You could’ve easily found enough inspiration in the world’s current plight for another album like your 2000 indie album Not Commercial, which was dark.
But we don’t need that right now! We need ABBA right now! If anything, we need not to be brought down because everything is so terrible. I was talking to this one boy who came in, and he was asking me what did I think, and I said, “Babe, I think the picture’s bleak. I think everyone’s gotta vote.”
Thankfully, Dancing Queen is a slice of gay heaven in hell.
Well, look, I wasn’t doing it for that, but I’m happy if it can make people happier than they were before they heard it.
When were you first aware that the LGBTQ community identified you as a gay icon?
I don’t think I was when I was with Sonny. I think it happened on The Sonny and Cher Show (which ran from 1976–77), somehow. But I don’t know how that happens. How does it happen? I have no idea! It’s like we made a pact and we’re a group, and that’s it.
But you saw more of the LGBTQ community come out at some point? There was a switch?
Yeah, there was a change, there was definitely a change. And I think it was when I was not with Sonny anymore, and then somehow it all started to click. But I always had gay friends. I almost got arrested at a party with my best friend at school. He was gay, but he couldn’t let anybody know, and he wanted me to go with him to a party, and the party got raided. And we jumped out the bathroom window! It was high. We had to go over the bathtub into the window and jump out.
Do you recall the moment that galvanized you to stand up as an ally for the LGBTQ community?
I don’t know if there was a moment. I feel that, probably, there was a moment where guys thought I was just one of you. It’s like, there’s a moment where you’re either part of the group and you’re absorbed into the group and people love you as part of the group, or they don’t even know you’re alive, you know? Gay men are very loyal.
Look, I have a friend (makeup artist) Kevyn Aucoin — he’s dead now — but he told me when he was young, he was growing up in some place in Louisiana and said how horrible it was to have to hide and be frightened, and he said he loved listening to Cher records. I think that’s a dead giveaway! If you want to hide being gay, do not buy Cher records.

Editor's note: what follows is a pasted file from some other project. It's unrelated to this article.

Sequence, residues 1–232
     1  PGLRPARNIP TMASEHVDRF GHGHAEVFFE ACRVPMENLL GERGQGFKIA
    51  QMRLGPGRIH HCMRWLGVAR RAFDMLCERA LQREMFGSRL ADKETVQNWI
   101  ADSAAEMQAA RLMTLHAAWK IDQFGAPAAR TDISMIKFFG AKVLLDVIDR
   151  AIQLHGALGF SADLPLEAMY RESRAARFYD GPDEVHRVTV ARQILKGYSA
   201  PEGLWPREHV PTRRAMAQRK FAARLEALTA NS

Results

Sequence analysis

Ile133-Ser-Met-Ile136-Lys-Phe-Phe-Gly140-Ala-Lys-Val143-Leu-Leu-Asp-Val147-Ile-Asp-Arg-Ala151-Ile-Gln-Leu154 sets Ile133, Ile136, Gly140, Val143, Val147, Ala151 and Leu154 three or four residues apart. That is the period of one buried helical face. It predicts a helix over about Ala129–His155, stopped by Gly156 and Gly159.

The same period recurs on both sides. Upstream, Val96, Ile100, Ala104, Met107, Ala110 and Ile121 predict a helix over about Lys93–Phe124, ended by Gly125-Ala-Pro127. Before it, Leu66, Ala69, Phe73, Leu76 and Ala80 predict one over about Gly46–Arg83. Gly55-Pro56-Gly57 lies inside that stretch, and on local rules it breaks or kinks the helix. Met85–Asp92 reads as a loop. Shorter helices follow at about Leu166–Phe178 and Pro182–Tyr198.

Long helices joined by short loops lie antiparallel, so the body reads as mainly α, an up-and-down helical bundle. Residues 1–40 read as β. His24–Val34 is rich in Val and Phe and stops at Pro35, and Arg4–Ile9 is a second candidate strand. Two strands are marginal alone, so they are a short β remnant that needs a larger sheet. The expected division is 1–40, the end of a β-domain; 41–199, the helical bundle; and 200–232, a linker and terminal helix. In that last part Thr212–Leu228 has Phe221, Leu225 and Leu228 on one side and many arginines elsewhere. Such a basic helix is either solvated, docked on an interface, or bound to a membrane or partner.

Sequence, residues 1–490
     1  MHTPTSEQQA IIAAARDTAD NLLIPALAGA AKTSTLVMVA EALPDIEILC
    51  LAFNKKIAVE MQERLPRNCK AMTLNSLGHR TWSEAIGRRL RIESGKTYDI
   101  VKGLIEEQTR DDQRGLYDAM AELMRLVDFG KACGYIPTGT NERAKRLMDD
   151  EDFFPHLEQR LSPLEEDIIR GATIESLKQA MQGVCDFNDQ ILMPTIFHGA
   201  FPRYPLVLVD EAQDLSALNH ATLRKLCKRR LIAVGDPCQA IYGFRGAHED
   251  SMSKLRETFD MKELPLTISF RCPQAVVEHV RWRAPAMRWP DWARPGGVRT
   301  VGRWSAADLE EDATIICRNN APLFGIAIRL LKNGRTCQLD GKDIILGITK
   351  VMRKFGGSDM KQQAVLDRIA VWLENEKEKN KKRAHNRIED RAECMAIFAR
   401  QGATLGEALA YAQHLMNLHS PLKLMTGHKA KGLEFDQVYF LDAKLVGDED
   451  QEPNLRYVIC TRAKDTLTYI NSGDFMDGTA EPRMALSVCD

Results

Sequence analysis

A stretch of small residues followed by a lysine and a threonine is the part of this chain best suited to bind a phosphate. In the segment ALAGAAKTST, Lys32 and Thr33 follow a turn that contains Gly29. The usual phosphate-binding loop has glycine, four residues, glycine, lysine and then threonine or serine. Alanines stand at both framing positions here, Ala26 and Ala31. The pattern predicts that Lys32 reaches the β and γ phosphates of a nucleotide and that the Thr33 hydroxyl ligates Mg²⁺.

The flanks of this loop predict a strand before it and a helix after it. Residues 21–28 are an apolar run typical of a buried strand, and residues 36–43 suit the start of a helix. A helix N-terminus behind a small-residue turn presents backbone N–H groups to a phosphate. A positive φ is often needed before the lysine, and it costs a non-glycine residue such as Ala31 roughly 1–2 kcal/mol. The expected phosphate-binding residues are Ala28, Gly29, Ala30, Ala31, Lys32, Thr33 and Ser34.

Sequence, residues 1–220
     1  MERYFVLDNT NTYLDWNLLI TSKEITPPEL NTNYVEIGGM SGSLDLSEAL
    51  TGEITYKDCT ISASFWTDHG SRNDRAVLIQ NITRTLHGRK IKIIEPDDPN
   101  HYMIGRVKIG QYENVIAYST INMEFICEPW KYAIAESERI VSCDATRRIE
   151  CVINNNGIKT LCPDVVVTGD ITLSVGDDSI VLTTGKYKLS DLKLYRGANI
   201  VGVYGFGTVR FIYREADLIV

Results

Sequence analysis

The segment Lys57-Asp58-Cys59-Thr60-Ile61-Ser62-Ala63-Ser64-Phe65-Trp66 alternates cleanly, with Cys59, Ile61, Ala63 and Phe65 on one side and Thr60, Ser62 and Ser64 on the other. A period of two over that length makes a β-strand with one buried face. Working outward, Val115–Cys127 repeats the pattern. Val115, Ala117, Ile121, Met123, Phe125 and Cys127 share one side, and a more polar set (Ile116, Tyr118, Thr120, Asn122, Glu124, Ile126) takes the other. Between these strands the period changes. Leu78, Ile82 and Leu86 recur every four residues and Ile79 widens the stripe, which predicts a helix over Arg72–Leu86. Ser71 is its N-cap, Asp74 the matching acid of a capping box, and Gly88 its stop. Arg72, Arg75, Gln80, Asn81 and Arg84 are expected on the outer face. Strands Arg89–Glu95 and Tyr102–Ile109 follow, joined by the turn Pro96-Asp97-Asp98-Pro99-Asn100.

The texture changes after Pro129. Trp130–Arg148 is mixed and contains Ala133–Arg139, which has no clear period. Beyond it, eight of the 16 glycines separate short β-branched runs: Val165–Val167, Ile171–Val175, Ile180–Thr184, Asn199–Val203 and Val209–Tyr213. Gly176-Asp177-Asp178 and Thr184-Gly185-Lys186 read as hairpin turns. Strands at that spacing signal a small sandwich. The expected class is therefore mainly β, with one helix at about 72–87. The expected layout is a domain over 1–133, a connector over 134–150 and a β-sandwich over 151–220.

And I had another friend who had a Cher poster on his wall. I don’t remember where he came from — some small town too — and his dad ripped it off the wall and he bought another one, put it inside his closet and said it was a way to be who he was in spite of who his dad wanted him to be.
When in your life have you felt like the LGBTQ community was on your side when the rest of the world maybe was not?
Always. I remember when I was doing (the play) Come Back to the Five and Dime (in 1976) and we had standing room only before we got reviewed, and after we got reviewed nobody came except the community — the community, and little grey-haired old women who came to matinees. We managed to stay open until we could build back up the following. Also, the gay community, they don’t leave you, they stay with you; that’s one thing that always keeps you going.
What does that loyalty mean to you?
There’s been sometimes where I was, you know, heartbroken about things, but it always gives you hope when there are people who think that you’re cute and worthwhile and an artist. It’s a great thing to have in your back pocket.
Your mother once told you when you were a child: “You won’t be the prettiest, you won’t be the most talented, you won’t be the smartest, but you are special.” What kind of mark did that leave on you?
It left some sort of indelible, interior tattoo. Because I have gone through so much shit in my life. I can’t tell you how many times people have written, “She’ll be gone by next year.” I remember I got really pissed off at somebody and I said, “I’ll be here, and you’ll be gone.” I don’t think I believed it at the time, but I was angry.
So what you’re saying is what I’ve longed to hear: You’re immortal.
Well, no, I’m not saying that. Ha! I’m saying I can be really pissy.
At the Mamma Mia! Here We Go Again premiere in July, you and Meryl Streep kissed on the lips. Was that meant to be the Silkwood reunion the internet wanted?
No. We just thought it was stupid. Meryl came behind me, and I didn’t know it, and then we turned to each other, she looked up at me, and she said, “You weren’t this tall yesterday!” And we laughed. And we kissed. I had on my 10-inch heels, and you can see how tall I am next to her, and we thought it was funny. I said, “Kiss me!” And we did.
I have to tell you something: She is funny. Wicked funny! And I don’t know that she gets to show that side all that often, but she’s wicked funny, and she will do anything for a lark. She has a great serious side, but she’s got this hysterical side too.
How do you hope your role as the mother of a trans son, Chaz Bono, has influenced other parents of LGBTQ kids?